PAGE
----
Treasure Chest – When a treasure chest is covered the player takes a card from the “chance deck” and follows the instructions on the card.  Most cards are played immediately, but some can be played later in the game.  For example, the player may draw the “Summer Interns” card lets them add plus two to their number of dwarves if they would receive less than two coins per dwarf when a gold square is covered.  Or they may get the “Cthulhu” card that allows them to take the dwarf token from a player when they cover a dwarf field.

Gold – When a gold field is covered, count each players’ investment gems for the color company that was used to cover the square.  Players will receive money from the treasury according to their investment.  The player with the largest investment (the most gems of that color) receives two gold for each dwarf token they have.  The runner-up gets one gold for each of their dwarf tokens.

Ties result in split profits. When there is a tie for first place, each player is given one coin per dwarf token.  No one else gets money when there is a tie for first place.  When there are players tied for second place, players are given one coin per two dwarf tokens.  The player who placed the gem is entitled to a “finder’s bonus,” and will always get at least one coin per dwarf token.

 

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Changing Investments

On a players first turn they take four investment tokens and place them on their mat.  After this first turn, players can exchange one investment token for one of a different kind.

Game End

Players take turns placing investment gems until all the gold fields on the board are covered.  The game ends once the last gold field is covered and the player with the most gold wins the game.

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My Thoughts

Dwarves Inc. combines many gaming elements I enjoy, with a few I rarely play.   Its unique combination of mechanisms makes for a solid and fun game.  However, there are some cautionary parts that keep it from being a great game.

The components for Dwarves Inc. are solid.  The game board is beautiful and sparkling when the multicolored gems are added.  The tiles are nice and thick and don’t warp.  This is important because of the modular aspect of the board.  I love modular boards because they add variety and replay value to a game.  I’m not sure about the blueish color of the board because blue is one of the colors for a mining company.  A grey color would have been the better choice to help add contrast.  I also wish the tiles were double-sided.  I know this adds to the cost, but it would be great to have even more options and variety in the game.  Still, the included tiles can be moved and placed in so many different ways that the board will offer a new challenge with each play.  The cards are good quality and add some nice spice to game play.  They are easy to read and offer some nice special abilities.  The cards are surprisingly valuable and worth a players time to obtain.  The “Stock Market” card helped me when I was behind in a game.  All the safe deposit spaces were covered, but I gained three extra investment gems.  I still didn’t win, but those extra gems helped my score be a bit more respectable.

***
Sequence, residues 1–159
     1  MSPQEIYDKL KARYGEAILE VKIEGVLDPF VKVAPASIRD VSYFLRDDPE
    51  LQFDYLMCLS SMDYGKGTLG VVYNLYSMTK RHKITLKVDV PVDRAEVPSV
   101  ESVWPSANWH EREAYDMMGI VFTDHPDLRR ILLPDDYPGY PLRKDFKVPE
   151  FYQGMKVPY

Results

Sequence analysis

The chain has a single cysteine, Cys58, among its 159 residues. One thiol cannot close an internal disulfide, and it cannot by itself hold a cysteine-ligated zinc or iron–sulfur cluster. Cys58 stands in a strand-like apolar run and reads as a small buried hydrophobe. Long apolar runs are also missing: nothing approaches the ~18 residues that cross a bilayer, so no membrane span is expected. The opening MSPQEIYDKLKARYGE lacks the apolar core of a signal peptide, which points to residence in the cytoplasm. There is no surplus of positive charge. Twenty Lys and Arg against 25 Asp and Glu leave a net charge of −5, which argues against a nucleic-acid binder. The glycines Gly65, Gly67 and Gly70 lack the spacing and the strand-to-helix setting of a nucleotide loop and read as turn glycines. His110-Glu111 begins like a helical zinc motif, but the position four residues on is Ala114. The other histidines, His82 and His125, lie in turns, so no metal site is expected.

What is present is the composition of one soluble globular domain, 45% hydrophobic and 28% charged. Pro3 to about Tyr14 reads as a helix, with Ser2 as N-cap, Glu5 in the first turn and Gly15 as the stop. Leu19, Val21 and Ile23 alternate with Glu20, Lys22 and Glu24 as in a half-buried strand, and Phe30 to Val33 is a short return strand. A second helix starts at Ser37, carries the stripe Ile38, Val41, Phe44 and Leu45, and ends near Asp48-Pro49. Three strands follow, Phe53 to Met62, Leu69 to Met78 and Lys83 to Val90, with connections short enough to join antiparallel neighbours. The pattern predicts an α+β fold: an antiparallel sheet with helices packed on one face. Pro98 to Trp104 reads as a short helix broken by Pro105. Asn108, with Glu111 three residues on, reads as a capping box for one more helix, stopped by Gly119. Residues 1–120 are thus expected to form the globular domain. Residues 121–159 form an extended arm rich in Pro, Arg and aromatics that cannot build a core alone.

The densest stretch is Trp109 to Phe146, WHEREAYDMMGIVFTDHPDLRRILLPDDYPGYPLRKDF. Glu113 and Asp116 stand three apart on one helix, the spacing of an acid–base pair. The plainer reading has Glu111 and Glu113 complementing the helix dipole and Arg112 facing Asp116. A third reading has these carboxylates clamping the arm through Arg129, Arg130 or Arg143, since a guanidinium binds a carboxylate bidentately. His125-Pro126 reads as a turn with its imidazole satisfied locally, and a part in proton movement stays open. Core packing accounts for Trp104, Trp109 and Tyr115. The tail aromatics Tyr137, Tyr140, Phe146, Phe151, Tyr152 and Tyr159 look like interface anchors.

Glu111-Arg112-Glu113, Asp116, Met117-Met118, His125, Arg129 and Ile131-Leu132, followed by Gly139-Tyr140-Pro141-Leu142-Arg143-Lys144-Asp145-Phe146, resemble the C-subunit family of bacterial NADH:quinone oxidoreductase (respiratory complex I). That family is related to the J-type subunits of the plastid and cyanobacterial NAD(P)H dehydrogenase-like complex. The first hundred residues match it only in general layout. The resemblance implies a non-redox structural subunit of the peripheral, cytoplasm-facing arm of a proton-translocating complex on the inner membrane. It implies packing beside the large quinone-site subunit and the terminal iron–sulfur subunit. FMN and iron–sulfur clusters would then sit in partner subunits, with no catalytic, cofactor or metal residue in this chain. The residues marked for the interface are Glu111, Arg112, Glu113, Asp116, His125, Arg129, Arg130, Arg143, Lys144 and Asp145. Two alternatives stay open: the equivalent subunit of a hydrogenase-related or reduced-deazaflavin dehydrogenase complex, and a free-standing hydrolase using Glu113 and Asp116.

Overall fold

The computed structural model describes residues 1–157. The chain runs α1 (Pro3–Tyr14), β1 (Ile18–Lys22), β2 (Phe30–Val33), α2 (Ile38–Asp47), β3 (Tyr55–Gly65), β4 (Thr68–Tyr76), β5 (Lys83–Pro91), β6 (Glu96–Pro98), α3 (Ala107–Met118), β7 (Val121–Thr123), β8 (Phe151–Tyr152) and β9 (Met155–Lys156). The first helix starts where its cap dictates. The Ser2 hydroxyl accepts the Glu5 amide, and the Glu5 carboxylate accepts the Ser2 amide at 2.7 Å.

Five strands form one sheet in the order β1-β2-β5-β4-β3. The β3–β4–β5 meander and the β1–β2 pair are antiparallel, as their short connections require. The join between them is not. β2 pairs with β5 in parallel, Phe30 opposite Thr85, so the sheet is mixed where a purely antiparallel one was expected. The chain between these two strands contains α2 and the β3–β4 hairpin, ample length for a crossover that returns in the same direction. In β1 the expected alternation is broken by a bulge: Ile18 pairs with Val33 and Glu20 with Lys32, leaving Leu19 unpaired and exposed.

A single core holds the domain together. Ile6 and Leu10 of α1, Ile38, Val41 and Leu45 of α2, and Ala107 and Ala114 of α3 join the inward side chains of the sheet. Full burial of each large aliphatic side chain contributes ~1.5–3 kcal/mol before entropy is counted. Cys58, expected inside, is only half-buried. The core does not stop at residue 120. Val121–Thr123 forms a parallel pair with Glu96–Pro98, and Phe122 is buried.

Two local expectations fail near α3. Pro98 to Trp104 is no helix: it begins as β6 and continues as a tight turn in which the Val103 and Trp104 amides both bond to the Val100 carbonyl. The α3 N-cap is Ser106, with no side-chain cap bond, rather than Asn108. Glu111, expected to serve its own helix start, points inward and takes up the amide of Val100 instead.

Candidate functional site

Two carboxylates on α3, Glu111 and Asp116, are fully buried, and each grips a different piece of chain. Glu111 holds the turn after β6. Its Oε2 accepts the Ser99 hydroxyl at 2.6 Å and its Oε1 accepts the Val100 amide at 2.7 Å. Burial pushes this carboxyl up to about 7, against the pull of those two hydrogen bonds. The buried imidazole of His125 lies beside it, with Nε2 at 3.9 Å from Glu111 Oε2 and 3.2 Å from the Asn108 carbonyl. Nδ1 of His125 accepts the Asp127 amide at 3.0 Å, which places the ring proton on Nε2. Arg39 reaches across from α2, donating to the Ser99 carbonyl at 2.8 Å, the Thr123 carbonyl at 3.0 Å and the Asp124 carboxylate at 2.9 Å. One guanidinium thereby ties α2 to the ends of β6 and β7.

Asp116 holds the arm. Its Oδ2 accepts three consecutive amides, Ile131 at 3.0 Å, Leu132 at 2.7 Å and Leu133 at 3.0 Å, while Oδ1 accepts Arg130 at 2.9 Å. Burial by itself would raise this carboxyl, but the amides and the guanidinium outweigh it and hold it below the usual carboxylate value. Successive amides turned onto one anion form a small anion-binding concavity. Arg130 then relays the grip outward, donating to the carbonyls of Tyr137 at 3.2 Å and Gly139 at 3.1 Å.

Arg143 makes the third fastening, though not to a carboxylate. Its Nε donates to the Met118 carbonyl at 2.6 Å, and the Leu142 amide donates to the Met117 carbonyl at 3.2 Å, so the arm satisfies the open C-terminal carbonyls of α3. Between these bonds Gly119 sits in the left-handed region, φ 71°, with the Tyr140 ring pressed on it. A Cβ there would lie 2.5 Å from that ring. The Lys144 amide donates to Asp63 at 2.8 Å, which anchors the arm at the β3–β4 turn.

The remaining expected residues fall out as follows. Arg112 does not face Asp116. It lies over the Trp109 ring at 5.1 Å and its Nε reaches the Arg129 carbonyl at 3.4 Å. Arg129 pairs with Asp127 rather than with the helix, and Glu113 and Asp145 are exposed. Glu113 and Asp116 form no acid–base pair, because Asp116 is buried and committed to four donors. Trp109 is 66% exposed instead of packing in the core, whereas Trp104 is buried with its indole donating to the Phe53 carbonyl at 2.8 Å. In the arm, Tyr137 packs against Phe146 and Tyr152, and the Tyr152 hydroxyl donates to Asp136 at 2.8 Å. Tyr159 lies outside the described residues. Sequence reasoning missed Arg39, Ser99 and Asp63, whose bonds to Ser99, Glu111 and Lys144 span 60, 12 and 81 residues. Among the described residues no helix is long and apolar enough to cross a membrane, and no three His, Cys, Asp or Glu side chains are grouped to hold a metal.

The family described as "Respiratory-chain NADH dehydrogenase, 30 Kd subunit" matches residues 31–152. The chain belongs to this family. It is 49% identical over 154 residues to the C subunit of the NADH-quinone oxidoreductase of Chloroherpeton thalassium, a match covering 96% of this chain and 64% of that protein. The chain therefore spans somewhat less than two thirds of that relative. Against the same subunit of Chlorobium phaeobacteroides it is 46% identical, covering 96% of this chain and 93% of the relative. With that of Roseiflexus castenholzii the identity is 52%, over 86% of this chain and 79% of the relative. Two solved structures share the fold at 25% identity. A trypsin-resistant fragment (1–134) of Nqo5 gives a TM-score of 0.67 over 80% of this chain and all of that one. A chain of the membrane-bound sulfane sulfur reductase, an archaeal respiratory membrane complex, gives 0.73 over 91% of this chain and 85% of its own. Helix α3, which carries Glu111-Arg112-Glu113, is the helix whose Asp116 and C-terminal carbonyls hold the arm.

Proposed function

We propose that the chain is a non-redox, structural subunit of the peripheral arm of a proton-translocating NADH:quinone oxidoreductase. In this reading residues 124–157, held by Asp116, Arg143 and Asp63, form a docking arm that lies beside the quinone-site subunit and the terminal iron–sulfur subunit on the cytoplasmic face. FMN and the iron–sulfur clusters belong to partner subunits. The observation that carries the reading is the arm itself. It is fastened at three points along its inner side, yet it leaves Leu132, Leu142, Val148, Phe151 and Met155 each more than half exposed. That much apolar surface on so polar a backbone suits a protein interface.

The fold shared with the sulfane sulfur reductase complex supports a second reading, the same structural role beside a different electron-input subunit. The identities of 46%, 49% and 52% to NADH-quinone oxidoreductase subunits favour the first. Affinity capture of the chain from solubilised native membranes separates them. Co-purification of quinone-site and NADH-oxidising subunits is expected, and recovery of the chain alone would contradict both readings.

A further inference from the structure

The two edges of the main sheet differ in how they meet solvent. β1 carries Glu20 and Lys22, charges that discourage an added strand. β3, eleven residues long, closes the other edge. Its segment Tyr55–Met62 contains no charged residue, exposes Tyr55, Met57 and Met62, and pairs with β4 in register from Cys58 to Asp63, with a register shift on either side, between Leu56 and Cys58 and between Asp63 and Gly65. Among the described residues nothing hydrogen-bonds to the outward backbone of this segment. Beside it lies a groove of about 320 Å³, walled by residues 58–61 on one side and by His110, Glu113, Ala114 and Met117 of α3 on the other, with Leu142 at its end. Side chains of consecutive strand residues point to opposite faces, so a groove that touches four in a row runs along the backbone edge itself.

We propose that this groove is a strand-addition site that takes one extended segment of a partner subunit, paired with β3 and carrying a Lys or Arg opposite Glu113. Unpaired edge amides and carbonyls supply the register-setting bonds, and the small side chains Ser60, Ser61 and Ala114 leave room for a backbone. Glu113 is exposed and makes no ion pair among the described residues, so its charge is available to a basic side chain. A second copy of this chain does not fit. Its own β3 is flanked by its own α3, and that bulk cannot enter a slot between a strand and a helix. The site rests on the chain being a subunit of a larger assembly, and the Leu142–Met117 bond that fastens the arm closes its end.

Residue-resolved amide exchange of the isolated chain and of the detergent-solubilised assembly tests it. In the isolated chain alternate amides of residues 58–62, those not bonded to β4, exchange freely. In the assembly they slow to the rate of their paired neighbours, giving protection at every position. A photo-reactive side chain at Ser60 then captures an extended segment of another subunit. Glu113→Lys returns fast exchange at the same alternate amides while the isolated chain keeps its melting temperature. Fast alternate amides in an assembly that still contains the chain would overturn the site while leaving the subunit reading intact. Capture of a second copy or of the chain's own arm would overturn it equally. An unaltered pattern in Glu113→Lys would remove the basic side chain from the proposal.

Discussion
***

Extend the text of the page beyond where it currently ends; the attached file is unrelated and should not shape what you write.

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I enjoy the humorous artwork of the game and the references on the cards.  It adds to the light-hearted nature of the game.  I like the investment gems and the fact that a plastic bin was included to keep them in order.  Color-blind players may not be able to tell the gems apart which will make game play difficult.  The red, purple, and pink gems are close in color, and some players may have trouble telling these apart.  I know I picked up the wrong color a few times.  Even with these issues I really love the gems and how beautiful they look on the board.

The rule book does a good job of explaining the gameplay and has a summary of the chance cards at the end.  The rule book is easy to read, short, and has section headings to help players find the section they need.  The card summary doesn’t explain the cards but repeats the text of the cards.  The rule book shows pictures of each of the components but doesn’t tell you the number that should come with the game, there is also no set-up photo.  The game sets up easily, but a picture of set-up is helpful when you are learning a game.  There is also no player aide on the back of the book, something I always look for in a rule book.  The player mat has a summary of gold distribution when a gold field is covered, which is very helpful.